Preparing Students with Learning Disabilities for College: Pointers for Parents. (Elementary to Middle School: Part 1)

By Beale, Andrew V.; Ericksen-Radtke, Melissa M. | The Exceptional Parent, September 2001 | Go to article overview

Preparing Students with Learning Disabilities for College: Pointers for Parents. (Elementary to Middle School: Part 1)


Beale, Andrew V., Ericksen-Radtke, Melissa M., The Exceptional Parent


The college admissions process for the parents of children with learning disabilities is, at best;challenging and demanding. Not only must students with learning disabilities contend with their own unique set of learning challenges, they must also deal with institutional barriers to access to higher education. For example, in a study investigating how high school counselors rate the appropriateness of post-secondary school options for students with learning disabilities, counselors selected vocational training as the most appropriate option for students with learning disabilities even though the students functioned at an academic level equal to students who were preparing for college.

While college does not have to be the goal for all students with learning disabilities, the accumulated evidence of the last two decades definitely supports the belief that students with learning disabilities can be successful in college. Parents need to be vigilant to ensure that counselors, teachers, administrators, and college admissions officers do not stereotype students with learning disabilities solely as candidates for vocational training.

In the college admissions literature, authors have stressed the belief that the most effective college advisory service is that which involves the student, the school counselor, and the parent as partners in the college planning process. Unfortunately, in many of today's secondary schools, it is the parent component of this partnership that is frequently overlooked or ignored. With this in mind, the following suggestions are presented to assist parents as they work to include college as a viable postsecondary option for their children with learning disabilities. The suggestions are presented in an elementary-middle-high school sequence (Editor's Note: Next month will look at the high school level.). Parents should keep in mind, however, their child's level of maturity and readiness, and not his or her grade level, in determining how they might best help their child to prepare for a happy and successful college experience.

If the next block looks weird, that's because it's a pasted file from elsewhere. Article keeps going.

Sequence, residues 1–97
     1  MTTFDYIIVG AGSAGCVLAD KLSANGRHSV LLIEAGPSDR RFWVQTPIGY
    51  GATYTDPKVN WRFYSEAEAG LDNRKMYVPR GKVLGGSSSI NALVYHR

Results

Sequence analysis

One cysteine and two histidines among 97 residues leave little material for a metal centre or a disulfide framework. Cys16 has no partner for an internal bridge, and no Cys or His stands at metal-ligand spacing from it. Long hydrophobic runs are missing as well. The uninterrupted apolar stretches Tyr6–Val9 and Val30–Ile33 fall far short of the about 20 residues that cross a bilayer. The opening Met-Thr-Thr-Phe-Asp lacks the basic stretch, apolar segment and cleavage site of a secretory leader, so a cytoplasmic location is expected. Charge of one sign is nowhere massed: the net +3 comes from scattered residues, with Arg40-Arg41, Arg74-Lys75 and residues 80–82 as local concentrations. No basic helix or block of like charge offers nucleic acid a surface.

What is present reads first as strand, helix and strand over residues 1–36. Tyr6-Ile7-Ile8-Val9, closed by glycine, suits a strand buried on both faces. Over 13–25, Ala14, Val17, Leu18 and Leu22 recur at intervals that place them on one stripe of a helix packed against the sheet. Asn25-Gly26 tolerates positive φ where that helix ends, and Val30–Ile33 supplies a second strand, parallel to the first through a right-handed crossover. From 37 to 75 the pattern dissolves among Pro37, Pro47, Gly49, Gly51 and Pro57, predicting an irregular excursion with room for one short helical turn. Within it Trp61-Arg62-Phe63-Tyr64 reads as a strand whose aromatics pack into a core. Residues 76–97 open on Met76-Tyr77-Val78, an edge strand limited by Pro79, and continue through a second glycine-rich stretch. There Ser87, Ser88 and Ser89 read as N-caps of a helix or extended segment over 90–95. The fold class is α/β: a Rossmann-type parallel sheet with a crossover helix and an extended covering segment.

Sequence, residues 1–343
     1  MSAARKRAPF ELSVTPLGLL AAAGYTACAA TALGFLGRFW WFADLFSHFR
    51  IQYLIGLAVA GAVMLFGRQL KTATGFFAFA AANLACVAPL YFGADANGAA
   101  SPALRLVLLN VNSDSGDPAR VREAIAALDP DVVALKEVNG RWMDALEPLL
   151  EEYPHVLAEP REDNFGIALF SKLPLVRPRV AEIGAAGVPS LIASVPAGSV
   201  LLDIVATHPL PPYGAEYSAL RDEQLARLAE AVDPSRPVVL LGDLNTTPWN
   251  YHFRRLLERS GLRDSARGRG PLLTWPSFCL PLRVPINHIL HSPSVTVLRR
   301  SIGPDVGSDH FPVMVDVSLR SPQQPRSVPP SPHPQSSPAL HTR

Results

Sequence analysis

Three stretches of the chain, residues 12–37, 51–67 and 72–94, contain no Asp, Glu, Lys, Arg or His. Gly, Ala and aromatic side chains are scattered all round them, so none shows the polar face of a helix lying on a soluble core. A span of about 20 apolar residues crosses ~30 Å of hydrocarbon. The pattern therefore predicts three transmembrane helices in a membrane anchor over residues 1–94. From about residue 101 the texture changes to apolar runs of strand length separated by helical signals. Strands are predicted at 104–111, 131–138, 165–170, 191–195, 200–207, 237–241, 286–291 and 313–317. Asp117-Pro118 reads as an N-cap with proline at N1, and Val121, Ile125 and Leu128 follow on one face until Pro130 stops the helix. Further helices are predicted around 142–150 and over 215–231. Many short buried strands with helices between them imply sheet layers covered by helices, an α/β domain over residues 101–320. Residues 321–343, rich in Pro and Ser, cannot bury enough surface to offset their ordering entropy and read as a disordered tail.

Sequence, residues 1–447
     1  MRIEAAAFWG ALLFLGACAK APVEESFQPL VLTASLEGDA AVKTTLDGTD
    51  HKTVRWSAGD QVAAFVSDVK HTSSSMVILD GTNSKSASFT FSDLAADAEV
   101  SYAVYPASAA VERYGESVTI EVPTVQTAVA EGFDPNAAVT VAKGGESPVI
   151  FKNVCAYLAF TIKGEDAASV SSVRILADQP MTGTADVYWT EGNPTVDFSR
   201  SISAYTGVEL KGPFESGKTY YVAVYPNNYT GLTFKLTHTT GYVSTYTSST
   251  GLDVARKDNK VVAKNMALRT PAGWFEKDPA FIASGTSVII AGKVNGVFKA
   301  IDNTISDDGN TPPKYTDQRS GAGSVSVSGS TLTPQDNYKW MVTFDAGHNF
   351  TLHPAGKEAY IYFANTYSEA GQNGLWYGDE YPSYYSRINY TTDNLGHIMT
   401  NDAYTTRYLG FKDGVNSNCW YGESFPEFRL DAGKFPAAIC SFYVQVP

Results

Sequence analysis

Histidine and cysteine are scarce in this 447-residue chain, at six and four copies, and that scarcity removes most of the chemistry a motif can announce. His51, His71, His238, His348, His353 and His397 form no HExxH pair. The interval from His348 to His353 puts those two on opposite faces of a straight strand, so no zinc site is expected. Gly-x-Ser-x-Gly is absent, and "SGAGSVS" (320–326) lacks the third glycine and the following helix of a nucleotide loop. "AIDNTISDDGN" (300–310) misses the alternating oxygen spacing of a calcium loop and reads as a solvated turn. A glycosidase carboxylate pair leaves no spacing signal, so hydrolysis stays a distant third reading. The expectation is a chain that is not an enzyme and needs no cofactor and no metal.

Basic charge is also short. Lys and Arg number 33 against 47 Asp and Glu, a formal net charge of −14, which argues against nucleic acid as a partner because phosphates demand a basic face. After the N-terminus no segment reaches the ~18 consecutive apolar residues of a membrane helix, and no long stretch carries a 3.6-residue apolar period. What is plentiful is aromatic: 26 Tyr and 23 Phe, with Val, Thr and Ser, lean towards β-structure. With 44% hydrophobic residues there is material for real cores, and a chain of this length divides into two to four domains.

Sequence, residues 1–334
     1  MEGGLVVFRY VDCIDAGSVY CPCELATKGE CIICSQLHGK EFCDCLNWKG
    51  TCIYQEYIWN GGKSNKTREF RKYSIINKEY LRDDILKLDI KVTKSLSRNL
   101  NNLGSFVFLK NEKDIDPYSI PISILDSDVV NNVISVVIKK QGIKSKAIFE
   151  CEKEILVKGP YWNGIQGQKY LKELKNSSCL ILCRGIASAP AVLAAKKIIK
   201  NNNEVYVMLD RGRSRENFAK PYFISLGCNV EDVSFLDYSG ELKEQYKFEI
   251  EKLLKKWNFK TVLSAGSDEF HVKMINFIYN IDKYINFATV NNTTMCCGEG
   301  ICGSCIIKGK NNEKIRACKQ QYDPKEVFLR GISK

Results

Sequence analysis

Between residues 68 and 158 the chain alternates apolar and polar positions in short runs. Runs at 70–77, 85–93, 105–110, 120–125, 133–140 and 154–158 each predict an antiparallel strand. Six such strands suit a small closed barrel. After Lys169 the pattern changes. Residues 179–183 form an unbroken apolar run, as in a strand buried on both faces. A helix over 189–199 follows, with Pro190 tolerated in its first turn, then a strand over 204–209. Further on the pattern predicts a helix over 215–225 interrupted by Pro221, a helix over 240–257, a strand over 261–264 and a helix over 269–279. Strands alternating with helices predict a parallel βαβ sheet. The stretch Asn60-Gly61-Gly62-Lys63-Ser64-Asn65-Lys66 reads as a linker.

ELEMENTARY SCHOOL LEVEL

Research indicates that nearly two-thirds of all students who enroll in college have their first thoughts of attending college while they are in grade school. Therefore, it is wise to begin the college planning process at an early age (such as fourth or fifth grade). At this level, the focus is mainly on increasing the child's awareness of the importance of education and familiarizing yourself with the applicable laws, regulations, and policies governing the education of young children with special needs.

What parents can do for their child

* Obtain official documentation that identifies your child's special needs. Diagnosing the type and extent of your child's learning disability is the first step in helping your child achieve academic success. If you believe your child is experiencing difficulties because of a learning disability, get in touch with your child's counselor or principal. A diagnosis can be made by a psychologist, an educational diagnostician, or by a learning disabilities specialist. The diagnosis is the information gathering process that will help you determine the most effective way to plan for your child's future. The diagnosis should explain how your child learns. It will assess his or her strengths, and indicate how your child compensates for areas of difficulty, and will suggest appropriate accommodations. The diagnosis is essential if appropriate services are to be provided.

* Familiarize yourself with federal and state regulations that affect children with learning disabilities. Federal legislation such as Section 504 of the Vocational Rehabilitation Act of 1973 (P.L. 93-112), the Americans With Disabilities Act (P.L. 101-336), the Education for All Handicapped Children Act (P.L. 94-142, and the Individuals with Disabilities Education Act (IDEA '97) guarantee certain services and opportunities to students with disabilities that will support their academic development. …

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